SIOUX FALLS, S.D. (KELO) — The Sioux Falls City Council decided on Tuesday to approve two requests to add video lottery terminals at a future casino location in southeast Sioux Falls and declined two other requests.

Up for consideration, after having already been deferred at two previous meetings, were the possible additions of video lottery terminals in four Deuces Casino locations all at 6010 S. Cliff Ave. near 69th Street. Drew Duncan, who represents Commonwealth Gaming which owns Deuces, spoke to the council. He explained that there would be four licenses at the location that isn’t yet built.

“This is definitely an economic positive,” Duncan said. “It provides tax revenue and money for the state and the city.”

South Dakota codified law says there can’t be more than 10 video lottery machines at a licensed establishment. But a lottery commission declaratory ruling says that having a common wall or a common roof doesn’t mean there can’t be “two or more separate buildings.”

“What is the limit, is it 100, is it 200, is it a thousand machines, as long as you carve up a building into enough rooms?” councilor Greg Neitzert said.

Duncan deferred to state lawmakers.

“I can’t tell you what the upper limit is,” Duncan said. “The upper limit is set by the legislature.”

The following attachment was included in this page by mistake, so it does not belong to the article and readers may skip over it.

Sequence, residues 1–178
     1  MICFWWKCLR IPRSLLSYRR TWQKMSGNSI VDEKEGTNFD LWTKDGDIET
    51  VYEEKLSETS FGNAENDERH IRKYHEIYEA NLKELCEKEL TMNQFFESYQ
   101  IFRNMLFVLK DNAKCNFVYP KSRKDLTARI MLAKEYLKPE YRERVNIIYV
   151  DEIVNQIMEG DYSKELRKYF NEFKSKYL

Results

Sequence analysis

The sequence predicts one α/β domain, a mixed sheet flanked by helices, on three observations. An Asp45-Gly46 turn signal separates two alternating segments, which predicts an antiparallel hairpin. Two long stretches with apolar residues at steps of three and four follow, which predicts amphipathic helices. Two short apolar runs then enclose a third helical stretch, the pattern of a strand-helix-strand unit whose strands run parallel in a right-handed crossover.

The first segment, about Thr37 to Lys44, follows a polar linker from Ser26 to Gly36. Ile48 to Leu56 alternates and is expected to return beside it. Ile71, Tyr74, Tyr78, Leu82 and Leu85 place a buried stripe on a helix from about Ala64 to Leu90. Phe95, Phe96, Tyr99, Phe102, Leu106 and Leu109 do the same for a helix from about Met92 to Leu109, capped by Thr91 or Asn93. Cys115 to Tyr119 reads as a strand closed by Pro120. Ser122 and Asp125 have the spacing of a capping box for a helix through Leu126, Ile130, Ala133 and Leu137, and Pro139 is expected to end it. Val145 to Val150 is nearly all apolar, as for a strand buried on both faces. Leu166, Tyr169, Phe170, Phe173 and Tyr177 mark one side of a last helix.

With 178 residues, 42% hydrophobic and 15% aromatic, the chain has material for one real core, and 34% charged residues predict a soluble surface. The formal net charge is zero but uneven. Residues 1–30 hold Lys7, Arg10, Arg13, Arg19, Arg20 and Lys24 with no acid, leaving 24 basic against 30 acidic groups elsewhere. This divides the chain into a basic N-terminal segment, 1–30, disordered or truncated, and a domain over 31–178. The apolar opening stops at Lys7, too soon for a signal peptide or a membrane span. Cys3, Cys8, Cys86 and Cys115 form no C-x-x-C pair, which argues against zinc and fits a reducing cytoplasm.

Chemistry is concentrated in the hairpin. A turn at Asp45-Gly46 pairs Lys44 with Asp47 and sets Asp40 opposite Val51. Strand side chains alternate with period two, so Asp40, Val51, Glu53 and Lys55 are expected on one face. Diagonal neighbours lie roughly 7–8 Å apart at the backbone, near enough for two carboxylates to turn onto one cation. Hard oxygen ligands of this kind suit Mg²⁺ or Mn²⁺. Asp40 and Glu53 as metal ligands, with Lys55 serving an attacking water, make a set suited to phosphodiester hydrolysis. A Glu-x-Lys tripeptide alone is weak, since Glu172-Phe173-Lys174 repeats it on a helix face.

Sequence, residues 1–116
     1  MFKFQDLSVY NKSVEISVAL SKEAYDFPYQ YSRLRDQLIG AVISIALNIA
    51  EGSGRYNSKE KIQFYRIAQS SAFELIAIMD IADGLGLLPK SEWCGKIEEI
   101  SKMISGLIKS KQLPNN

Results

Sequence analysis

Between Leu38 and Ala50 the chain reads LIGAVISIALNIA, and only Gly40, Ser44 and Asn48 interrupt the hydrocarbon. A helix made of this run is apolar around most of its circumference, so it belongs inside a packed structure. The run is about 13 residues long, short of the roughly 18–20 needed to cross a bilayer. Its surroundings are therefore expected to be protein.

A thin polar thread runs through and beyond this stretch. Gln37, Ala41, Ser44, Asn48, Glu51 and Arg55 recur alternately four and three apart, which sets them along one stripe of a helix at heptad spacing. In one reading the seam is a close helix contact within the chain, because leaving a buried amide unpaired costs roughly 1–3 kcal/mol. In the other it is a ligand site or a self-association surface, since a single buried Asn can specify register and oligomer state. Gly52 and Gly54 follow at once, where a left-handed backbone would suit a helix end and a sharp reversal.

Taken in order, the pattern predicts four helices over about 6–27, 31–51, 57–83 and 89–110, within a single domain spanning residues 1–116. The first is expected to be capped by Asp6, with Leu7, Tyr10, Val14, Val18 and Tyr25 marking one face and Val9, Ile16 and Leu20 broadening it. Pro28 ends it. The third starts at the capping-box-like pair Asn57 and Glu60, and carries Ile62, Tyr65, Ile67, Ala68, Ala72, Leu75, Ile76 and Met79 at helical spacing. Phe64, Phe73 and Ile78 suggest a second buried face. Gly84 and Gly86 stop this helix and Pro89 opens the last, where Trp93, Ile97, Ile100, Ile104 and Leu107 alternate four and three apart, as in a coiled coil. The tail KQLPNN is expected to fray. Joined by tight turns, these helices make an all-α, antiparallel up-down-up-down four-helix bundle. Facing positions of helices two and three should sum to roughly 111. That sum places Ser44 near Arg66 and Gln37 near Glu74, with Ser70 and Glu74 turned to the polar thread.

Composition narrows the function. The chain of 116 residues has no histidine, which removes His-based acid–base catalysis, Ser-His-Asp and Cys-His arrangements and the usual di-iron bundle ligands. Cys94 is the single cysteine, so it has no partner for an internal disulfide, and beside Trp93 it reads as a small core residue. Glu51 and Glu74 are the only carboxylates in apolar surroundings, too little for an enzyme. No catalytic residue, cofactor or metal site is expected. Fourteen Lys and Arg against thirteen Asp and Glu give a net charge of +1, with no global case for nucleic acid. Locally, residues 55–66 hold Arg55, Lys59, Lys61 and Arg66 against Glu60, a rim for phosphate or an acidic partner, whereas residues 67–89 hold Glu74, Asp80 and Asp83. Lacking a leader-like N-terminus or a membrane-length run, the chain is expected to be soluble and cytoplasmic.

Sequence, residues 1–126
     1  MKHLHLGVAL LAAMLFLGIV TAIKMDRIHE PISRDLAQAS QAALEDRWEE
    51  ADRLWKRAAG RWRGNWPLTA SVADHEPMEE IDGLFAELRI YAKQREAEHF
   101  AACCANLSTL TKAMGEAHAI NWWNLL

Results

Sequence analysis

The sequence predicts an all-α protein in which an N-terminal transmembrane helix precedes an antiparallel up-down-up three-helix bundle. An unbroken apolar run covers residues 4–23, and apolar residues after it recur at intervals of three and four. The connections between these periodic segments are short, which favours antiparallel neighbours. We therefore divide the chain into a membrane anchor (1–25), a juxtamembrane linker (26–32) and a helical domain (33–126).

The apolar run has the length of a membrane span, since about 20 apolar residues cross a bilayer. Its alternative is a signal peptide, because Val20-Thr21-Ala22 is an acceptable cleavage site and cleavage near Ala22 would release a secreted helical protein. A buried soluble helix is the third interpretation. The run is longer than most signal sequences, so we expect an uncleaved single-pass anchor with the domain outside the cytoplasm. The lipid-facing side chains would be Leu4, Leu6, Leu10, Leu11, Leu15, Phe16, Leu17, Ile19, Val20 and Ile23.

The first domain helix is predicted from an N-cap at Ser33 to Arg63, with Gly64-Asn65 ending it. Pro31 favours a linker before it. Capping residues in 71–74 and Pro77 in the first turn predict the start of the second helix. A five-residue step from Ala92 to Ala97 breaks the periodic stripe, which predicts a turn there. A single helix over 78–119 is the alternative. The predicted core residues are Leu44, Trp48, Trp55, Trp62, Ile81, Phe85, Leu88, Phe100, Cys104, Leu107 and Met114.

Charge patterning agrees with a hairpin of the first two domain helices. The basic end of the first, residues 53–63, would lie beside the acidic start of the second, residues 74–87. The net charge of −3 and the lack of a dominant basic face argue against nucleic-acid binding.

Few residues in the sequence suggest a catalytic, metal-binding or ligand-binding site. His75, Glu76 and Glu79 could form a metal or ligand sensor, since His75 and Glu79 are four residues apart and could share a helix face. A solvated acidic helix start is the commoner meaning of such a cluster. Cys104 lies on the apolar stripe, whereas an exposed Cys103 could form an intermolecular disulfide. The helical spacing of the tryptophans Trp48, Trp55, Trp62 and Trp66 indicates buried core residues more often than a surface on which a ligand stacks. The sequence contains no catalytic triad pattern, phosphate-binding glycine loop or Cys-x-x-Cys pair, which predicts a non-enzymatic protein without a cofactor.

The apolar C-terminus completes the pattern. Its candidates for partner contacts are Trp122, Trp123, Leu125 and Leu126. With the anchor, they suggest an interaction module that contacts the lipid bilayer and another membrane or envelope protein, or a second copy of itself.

Neitzert says the 6010 S. Cliff Ave. location in question does not look like four different businesses.

“You have 40 machines literally within one facility,” Neitzert said. “Yes, it’s four businesses, although I would consider that with this sort of an open floor plan, with one bathroom and sharing essentially one cooler, a, really a fiction, more than anything.”

In the end, the council approved two requests to add video lottery terminals, meaning Deuces Casino can put up to 20 terminals at 6010 S. Cliff Ave. Had all four requests been approved, the limit would have been 40. Councilor Marshall Selberg floated the possibility of further examination.

“Some laws on this subject may be a bit vague and may be stretched a bit beyond what was originally intended, and I do think maybe a review of these sometime soon between city and state would be in order,” Selberg said.